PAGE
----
Chuck Call was trying to catch a few hours sleep in his parents' motor home, which he had parked at the Salt Lake City-County Building.
The previous night an engineer had informed Call, a drainage engineer for Salt Lake City, that a geyser had appeared at 700 West and North Temple, where floodwaters had blown out a manhole cover.
But this night, at 1:30 a.m., the engineer returned, knocking on the door. He said, "I've got a bigger problem. . . . That geyser's moving upstream."
That night was 20 years ago, and Utah's great flood of 1983 had begun.
The crisis lasted three weeks.
Call and the engineer hurried to the site of the first geyser. Maneuvering a backhoe to pull lids from storm drains, they discovered that boulders and debris from the raging streams had clogged a crucial storm conduit. The geyser had migrated upstream, along the storm drain network beneath the streets, because water had backed up ahead of the debris.
"That's when we decided that we needed to do something with City Creek because the water was just not going through there," said Call, who today is chief engineer for the city's Public Utilities Department.
"So we sat around a table in the middle of the night," trying to decide what to do.
They knew Utah colonizer Brigham Young had channeled City Creek to Washington Square, where the City-County Building is located. So, they thought, why don't we?
The planners decided to dike State Street to a storm drain at 400 South and create a new river, Call said.
The famous State Street River was born.
"I got to bed in the middle of the night and got up about 7 o'clock in the morning, and the dike was installed. That was the night they called out all the church groups and everybody else they could get," Call said.
Unlike the current Utah drought that has dragged on for five years, the early 1980s were a time of excessive rain and snowfall in Utah. The 1981-82 water year broke records. In September 1982, more than 25 inches of water fell in northern Utah.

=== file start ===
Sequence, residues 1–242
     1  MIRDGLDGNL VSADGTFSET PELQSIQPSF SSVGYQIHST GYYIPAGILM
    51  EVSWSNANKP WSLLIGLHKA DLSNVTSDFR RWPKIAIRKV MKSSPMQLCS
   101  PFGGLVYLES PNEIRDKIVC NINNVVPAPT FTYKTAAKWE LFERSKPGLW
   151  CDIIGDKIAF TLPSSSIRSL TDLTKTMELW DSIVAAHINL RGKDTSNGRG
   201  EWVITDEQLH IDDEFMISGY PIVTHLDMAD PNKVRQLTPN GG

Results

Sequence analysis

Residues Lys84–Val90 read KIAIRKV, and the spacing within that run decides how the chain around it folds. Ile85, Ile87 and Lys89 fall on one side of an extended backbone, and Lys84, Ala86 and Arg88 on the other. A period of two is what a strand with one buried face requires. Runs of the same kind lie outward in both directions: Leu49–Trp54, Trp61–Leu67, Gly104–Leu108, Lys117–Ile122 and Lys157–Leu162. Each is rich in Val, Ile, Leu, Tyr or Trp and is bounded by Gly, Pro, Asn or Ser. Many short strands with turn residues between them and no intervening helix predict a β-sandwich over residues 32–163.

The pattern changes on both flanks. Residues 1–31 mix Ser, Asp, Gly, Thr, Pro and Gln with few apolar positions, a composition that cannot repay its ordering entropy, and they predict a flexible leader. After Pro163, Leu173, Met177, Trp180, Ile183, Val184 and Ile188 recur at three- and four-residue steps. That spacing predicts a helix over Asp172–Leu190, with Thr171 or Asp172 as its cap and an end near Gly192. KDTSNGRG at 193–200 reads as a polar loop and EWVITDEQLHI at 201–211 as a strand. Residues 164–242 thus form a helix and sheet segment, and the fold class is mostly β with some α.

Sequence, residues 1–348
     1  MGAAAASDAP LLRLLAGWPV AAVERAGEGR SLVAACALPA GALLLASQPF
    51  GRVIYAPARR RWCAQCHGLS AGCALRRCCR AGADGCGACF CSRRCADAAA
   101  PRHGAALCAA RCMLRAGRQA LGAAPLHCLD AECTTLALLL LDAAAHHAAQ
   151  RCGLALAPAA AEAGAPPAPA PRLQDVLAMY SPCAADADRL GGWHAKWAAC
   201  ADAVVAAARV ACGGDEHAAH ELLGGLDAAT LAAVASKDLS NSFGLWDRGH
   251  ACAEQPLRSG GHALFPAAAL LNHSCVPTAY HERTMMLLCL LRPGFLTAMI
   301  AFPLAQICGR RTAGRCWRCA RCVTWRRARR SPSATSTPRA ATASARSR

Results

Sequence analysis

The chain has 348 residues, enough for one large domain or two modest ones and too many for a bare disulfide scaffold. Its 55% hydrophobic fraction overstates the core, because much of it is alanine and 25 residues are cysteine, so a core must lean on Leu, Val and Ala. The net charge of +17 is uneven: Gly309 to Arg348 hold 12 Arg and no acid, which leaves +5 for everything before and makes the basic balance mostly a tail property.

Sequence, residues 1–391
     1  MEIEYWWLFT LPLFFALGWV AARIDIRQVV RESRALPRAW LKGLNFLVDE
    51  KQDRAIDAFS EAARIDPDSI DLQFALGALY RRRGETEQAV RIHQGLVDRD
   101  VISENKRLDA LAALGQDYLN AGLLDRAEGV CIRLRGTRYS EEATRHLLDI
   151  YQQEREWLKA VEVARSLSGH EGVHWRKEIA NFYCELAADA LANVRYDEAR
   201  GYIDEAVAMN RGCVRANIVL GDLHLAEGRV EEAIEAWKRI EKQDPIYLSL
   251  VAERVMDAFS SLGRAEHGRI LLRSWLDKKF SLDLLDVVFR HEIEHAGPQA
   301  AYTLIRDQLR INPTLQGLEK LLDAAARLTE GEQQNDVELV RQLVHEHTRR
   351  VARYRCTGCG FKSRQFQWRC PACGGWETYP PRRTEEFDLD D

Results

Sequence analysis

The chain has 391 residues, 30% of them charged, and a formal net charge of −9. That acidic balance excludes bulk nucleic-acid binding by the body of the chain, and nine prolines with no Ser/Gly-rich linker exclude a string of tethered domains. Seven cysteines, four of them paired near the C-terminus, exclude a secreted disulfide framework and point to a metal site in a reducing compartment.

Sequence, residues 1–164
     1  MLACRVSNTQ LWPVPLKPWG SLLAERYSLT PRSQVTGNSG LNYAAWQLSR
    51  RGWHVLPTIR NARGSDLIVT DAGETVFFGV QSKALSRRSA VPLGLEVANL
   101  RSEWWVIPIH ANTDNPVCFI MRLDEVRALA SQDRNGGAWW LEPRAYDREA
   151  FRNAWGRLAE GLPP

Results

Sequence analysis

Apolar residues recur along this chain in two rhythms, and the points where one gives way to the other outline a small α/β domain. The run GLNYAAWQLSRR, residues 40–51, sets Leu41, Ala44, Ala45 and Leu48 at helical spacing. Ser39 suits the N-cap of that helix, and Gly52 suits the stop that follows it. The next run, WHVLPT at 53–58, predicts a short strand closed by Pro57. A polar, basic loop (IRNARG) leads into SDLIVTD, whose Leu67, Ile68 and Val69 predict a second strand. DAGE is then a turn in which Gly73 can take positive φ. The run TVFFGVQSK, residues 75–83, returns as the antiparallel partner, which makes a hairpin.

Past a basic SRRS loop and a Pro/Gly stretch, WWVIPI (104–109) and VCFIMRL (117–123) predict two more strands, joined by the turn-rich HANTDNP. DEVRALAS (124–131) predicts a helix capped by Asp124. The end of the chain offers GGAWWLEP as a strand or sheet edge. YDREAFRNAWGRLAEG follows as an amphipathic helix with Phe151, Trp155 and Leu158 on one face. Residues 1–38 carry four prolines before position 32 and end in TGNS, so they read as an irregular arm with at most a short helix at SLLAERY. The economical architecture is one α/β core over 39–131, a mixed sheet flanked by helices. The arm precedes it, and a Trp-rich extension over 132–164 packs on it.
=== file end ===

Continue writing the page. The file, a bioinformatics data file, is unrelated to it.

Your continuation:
During the winter of 1983, a huge snowpack accumulated in the mountains. By May 1, 1983, statewide snow levels were 158 percent of normal; by June 1, they were 489 percent of normal.
Unusually cold weather prevented a gradual spring melting. With monstrous snow accumulations in the mountains, it took only warm weather to bring it down.
But when the weather turned hot, the snowpack's swift melting caused chaos throughout central and northern Utah.
Saturated ground slipped in Spanish Fork Canyon. A gigantic landslide blocked the canyon, backing up the Spanish Fork River. The river washed away the town of Thistle, burying a section of the crucial east-west artery, U.S. 6. Another slide blocked Twelve-Mile Canyon.
Floods and landslides slammed Davis County, causing an estimated $75 million to $100 million in damage.
In Farmington, six city blocks were slimed with mud, and 200 residents became refugees.
Bountiful was hit by a 30-foot wall of water when the backed-up Stone Creek broke through a landslide. Three homes were destroyed and seven others had severe structural damage.
A mudslide in upper Emigration Canyon threatened expensive homes, and volunteers piled sandbags along the swollen stream.
Utah County officials declared a state of emergency in Pleasant Grove when floods started there.
So much water flowed into Salt Lake City that the underground storm drains filled.
On May 26, 1983, city crews piled several feet of sandbags along 1300 South. The dikes, lined with plastic sheeting, turned the street into a river from the 600 West viaduct until it emptied into the Jordan River about 1200 West.
As the snowmelt continued to descend, workers lengthened the "13th South River" so that it reached 700 East. Bulldozers and sandbaggers piled up berms that were 10 feet high in places, with water running 5 feet deep in the street.
But it was City Creek that posed a special danger for Utah's capital. "Crews sandbag frantically as streets turn into rivers," the Deseret News declared May 29. Worried residents piled sandbags to protect homes on Canyon Road just below Memory Grove.